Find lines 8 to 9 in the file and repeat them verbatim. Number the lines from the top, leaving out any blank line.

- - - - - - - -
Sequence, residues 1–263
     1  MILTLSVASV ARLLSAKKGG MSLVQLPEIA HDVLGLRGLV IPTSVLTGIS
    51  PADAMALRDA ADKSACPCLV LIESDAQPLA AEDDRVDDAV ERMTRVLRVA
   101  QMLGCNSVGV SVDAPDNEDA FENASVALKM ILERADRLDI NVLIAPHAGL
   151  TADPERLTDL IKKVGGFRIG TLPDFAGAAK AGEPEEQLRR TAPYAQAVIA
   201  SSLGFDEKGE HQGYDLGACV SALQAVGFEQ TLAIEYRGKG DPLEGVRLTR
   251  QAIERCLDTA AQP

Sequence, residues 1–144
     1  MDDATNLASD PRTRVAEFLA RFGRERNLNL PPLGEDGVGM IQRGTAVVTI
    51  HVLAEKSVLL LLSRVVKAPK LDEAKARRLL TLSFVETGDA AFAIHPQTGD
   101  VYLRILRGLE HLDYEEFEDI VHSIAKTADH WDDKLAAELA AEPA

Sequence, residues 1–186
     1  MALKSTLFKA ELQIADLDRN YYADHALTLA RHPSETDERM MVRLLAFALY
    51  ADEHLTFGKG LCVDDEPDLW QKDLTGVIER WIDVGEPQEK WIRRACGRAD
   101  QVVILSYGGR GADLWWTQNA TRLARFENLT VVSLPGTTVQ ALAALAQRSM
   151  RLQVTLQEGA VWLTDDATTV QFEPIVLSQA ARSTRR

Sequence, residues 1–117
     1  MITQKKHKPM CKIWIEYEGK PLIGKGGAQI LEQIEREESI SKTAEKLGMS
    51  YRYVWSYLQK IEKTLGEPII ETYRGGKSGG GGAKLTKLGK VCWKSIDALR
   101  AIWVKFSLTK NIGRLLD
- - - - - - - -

Sequence, residues 1–144
     1  MDDATNLASD PRTRVAEFLA RFGRERNLNL PPLGEDGVGM IQRGTAVVTI